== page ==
Current non-invasive brain interfaces face lots of challenges in the form of received signals clarity and the ability to filter these signals from many other signals. Hence, it is most likely we’ll find a number of specialised brain interfaces optimised for certain workflows, as the universal devices may be commercially not worth it due to the amount of investment to be made. The beauty of the brain interface is that it may actually change ways we think and communicate, rasing up our heads from the phone screen, and re-shaping the landscape of not only production lines but cities' infrastructure as well. For example, if we’re in a queue to buy tickets to a sudden event we don’t need to do anything but think, the validated intention can be the new button of tomorrow.


The recent VR boom created a ton of new devices. I’m excited about the technology, this is truly a new leap in digital media, yet, the recycling process is somewhat questionable, almost no one tells you to limit the device time use either. Our brains perceiving VR as a reality — it’s totally different from a computer or phone screen or even hologram, and content restrictions should be re-visited, yet, the game industry moving to violent content way too fast. It is easy to sit and theorise on how things are wrong although. The attention paid to HIDs, buttons and energy in the article is intentional. The waste and energy drain of the systems, the old ways of production are raising fair questions.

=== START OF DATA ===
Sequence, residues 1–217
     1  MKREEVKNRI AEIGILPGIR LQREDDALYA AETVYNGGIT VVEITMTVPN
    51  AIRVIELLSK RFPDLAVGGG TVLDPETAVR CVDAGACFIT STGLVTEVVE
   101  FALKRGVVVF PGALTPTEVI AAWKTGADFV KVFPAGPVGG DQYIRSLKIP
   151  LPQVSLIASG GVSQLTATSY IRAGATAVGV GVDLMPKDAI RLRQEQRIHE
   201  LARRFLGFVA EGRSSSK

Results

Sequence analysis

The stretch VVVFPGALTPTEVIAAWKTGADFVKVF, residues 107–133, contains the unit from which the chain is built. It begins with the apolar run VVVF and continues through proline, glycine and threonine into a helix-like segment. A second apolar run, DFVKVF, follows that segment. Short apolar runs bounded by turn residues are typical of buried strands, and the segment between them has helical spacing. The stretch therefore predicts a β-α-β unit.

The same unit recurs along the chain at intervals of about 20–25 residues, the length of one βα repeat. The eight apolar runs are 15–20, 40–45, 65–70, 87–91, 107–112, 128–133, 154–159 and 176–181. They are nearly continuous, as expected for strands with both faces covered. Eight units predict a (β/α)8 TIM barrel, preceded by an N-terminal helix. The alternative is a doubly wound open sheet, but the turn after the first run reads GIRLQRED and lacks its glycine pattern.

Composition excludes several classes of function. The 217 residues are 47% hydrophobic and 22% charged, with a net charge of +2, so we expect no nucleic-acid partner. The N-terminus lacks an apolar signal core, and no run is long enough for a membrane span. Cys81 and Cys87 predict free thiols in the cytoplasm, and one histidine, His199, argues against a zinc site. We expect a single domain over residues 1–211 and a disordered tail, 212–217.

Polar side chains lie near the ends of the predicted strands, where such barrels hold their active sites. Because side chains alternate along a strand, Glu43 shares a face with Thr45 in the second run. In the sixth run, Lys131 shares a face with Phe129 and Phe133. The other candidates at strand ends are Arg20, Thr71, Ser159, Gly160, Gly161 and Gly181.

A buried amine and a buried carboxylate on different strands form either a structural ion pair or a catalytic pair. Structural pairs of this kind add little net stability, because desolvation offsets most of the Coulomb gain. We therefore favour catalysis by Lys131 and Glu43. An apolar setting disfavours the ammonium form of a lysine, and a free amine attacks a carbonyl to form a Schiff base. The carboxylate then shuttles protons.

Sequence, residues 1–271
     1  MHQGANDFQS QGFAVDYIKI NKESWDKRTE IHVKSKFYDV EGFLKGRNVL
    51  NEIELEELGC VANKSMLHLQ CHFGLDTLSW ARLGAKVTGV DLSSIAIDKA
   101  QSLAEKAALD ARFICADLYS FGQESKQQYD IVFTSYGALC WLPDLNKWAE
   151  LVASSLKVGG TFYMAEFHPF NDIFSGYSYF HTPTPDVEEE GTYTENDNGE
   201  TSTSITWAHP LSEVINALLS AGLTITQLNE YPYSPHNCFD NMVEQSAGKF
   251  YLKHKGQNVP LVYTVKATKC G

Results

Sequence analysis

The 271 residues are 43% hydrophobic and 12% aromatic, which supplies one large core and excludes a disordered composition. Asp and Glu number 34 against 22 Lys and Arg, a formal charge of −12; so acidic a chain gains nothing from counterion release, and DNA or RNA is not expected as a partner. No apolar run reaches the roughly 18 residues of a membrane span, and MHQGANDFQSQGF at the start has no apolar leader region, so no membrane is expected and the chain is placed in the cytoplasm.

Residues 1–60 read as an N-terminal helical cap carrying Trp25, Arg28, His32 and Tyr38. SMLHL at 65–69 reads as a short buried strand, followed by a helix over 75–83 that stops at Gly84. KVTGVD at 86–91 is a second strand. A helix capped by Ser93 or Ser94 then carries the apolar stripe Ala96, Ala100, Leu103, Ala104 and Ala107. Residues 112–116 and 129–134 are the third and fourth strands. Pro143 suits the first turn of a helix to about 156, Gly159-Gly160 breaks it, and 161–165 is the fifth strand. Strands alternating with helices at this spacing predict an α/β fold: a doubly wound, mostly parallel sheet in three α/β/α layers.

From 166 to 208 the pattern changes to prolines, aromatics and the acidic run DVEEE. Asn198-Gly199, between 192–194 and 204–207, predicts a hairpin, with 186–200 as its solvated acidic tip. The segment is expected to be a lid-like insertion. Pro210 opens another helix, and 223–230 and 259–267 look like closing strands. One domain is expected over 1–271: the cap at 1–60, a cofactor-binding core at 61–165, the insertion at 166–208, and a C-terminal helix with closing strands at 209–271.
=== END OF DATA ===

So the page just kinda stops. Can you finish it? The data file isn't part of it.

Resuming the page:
How can we make sure physical and mental accidents caused by HIDs are minimised? What is the balance between profit, value, safeness and equity? How design can account waste reduction? And then, what is the limit of privacy in the brain interfaces? Can we notify people of potential trade-offs as we do on cigarette packs already, and consider it as a design step?


The brain interfaces are still a long way to be the total replacement of the current HIDs due to the complexity of development, the new product lines will soon hit the mass markets as the first prototypes. I’m looking forward to the emerging brain interfaces technology, as it is potentially may significantly improve the workflows using computer electronics. Imagination draws the picture of the brain interface, the gesture control and the eyes tracking technologies together — a true kapellmeister of the machine, and it is for us to decide how to use it. Scary and exciting, indeed.